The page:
Man, there's a completely untapped market out there!
(Hint! Hint! Hint!)
Calling John Regan.......
Craig, I was thinking the same thing.
Jim, I thought you were the person that liked an open running board, no step plates etc. Now maybe a tool box, WOW
LOL Bob and Stephen........sent John a message.......
I looked at that box on Ebay before Jim bought it and did give it a thought, but I have one just like it, minus the hasps and they are available from Restoration Supply, so I passed.
I do Willie. Re-read my post. It will be used to hold my tools and will be going in my trunk. As I said. There is no need for a running board toolbox on a coupe with a sizable trunk.
Terry. Thanks for passing. I'm looking forward to its' arrival as I have a lot of tools to go in it. Jim Patrick
I don't have as many tool boxes as Jay, but most of the few I have were pretty cheap due to luck. While I paid $5, $6, and up to $30, that $70 isn't out of line with many I've seen for sale.
It just dawned me if the geometry was close enough (I'm too lazy to make a template tonight) there could be a heck of a Model A market too.......
I carry a small plastic toolbox in my Tudor A......I'd rather keep that stuff somewhere else.
Here is a different one that was on my car when I bought it. It is hard to see but it is curved on the bottom to follow the curve of the fender.
Doug, Looks similar to the box I posted here. Which side does your box hinge from?
Hinges from the fender or front side. Never have to worry about it opening. It is heavy and the wind keeps it shut.
Jay, mine is squared and there is a corrugated rubber pad on top secured by the bright metal trim(aluminum?).
Gee, those prices have gone up in 1992 I purchased a pair of E&J 1912 repo brass lights at Hershey and the guy on the next stall gave me one of those boxes to pack the lights in to bring them home.
It would be real easy to alter a normal box to fit the front guard and you would have the right shaped lid, those rounded corners add a lot of work to making one. A lot cheaper than making one from scratch.
Jay, maybe you need to get to work on couple of your stash with tin snips.
My toolbox arrived in the mail today and it is fantastic. Nicer than I could have imagined. It holds all of my tools, including the jack in a sturdy container from the Model T era and keeps them from sliding all over the trunk. Now, to find a good way to secure the toolbox in the trunk without drilling holes, I will put carpet in the bottom of the box as John B. Joyce suggested earlier in the thread. Thanks for the suggestion John and thanks to everyone for making this an interesting and educational thread. Jim Patrick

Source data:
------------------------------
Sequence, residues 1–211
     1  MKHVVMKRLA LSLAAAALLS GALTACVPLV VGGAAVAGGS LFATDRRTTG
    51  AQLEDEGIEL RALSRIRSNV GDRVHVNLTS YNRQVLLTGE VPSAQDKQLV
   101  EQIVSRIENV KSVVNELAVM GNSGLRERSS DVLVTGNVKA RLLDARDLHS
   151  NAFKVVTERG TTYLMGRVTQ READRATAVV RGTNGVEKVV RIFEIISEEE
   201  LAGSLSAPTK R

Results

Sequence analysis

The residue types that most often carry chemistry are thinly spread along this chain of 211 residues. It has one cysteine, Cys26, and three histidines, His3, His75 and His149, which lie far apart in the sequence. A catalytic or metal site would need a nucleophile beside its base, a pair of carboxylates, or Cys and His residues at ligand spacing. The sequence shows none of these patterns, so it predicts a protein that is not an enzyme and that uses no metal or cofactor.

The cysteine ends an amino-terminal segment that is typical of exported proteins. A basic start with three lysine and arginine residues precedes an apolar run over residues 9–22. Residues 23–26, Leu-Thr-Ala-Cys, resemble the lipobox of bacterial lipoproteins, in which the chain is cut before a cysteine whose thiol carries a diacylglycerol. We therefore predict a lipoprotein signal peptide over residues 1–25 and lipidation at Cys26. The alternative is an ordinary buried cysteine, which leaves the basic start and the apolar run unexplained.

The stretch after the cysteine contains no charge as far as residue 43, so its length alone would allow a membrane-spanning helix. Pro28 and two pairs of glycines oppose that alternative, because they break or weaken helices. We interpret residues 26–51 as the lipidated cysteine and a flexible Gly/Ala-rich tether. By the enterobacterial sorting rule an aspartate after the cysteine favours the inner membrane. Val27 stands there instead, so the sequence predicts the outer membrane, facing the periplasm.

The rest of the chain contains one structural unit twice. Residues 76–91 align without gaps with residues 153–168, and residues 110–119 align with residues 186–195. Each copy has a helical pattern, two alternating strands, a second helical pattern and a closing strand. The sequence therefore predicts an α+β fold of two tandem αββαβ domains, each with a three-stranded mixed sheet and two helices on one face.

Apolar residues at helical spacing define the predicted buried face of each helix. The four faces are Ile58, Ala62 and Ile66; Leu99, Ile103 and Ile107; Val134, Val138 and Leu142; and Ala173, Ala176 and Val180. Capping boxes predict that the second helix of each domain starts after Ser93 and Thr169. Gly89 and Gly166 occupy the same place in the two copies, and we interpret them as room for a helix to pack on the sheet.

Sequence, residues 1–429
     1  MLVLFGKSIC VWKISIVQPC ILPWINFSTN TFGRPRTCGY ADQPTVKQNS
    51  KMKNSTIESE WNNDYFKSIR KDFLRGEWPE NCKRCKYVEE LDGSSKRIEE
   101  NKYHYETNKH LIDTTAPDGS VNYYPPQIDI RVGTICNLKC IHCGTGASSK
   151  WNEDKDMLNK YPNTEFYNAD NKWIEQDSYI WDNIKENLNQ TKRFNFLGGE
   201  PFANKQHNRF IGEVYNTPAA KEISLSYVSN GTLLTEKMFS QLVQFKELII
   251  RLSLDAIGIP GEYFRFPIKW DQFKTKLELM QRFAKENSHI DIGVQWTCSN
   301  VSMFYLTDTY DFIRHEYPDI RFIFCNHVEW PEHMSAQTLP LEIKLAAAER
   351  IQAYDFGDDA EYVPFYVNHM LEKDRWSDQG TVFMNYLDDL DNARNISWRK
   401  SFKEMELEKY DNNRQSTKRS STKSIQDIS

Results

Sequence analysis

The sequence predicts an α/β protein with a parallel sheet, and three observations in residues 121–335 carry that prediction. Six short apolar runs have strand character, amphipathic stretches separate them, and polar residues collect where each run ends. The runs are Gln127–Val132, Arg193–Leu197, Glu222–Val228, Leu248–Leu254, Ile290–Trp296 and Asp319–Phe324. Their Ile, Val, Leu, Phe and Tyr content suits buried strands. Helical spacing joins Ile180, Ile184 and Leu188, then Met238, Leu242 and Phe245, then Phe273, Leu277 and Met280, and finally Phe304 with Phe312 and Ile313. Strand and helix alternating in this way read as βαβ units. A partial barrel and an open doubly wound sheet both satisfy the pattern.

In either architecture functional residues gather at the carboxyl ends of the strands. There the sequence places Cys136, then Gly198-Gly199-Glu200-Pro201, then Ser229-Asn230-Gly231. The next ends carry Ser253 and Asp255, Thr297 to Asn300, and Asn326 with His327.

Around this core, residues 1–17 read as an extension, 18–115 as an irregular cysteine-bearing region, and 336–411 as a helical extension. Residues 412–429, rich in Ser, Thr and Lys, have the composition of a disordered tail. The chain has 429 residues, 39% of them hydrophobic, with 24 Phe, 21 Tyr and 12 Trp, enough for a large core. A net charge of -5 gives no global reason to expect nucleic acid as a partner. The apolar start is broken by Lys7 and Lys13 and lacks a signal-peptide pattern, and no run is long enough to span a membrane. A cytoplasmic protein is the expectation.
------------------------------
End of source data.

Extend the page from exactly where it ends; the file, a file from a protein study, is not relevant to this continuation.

Glad to hear your T-bay purchase worked out well. I have a weakness for running board box's myself.
We noticed !
Jay, you have a weakness for accessories of all kind, thank goodness. We have all benefitted from the pictures of them you have posted over the years. You once gave us a running count of all the accessory photos you posted. What is the count? I seem to recall it was several hundred. Jim Patrick
PS. I still think you should publish a photo book of all your accessories like Bruce McCalleys "Model T. The Car That Changed the World".
I guess my favorite is a battery box. It has an aluminum pyramid inset. I can't tell if Jay's is aluminum or white rubber. It has a hole in the bottom big enough for a cable. Funny place for a cable. The latch looks like it uses a gas light Knob.
Anybody have a key that fits these latch-type boxes? I have tried making one but it still needs quite a bit of wiggling. Haven't got the right hills and valleys and depth correct. The latching mechanism appears to be the same for several boxes. I would hate to drill holes and mount a modern padlock type locking plate, but realize the need for some type of security given the array of tools and parts one could carry in such a large box. How about posting pictures next to a scale for the proper dimension? Many thanks!
Friend of mine here drove his car and a friends to California some years back, his Wife followed with a trailer and I think another engine. Anyway, he built pull out tray tool boxes for both sides of his car, did a very neat job of it, and hardly noticeable when closed up. If anyone is interested I can put you in touch with him, it is a good idea for something like that trip, one can store a world of stuff in there.
Where can I possibly get a key for the lock on the very same box that started out this discussion. I just got the Running Board Box at an antique mart but there was no key. I would like to use it on my car after restoring it. Can anyone help me. I do not even know the maker, only that it is identical to the box with the round integrated lock at the top. Thank you for any leads.
I took one to a locksmith and he made some keys for it.
Dan, I'm bad about buying bunches of old keys at the flea market, and have found a couple that worked in boxes I have. They are simple locks and easy really to make a key for. KGB
Dan, I took mine to a lock smith and had 2 made.
Has anyone seen one like this before?
Inside the lid
Grady: I would like to know what type of mounting was used on the pull out trays, and how the trays were fabbed.
Royce: If you are on the Forum; do you remember how Ralph Z had his under running board boxes made? I think they were on the Paddy Wagon.
Jim, Actually these boxes do have a place on a Coupe. On my 25, which I think has the biggest trunk of any of the coupes: I mounted one of these tool boxes on the running board before I drove it from NY to a weeks vacation in Maine. If you're going on a long trip and the trunk is full, the tool box on the running board is very handy.
Derek, That has to be the ultimate tool box. I might have to see if I can make one up.
Try Mink's Emporium for antique keys.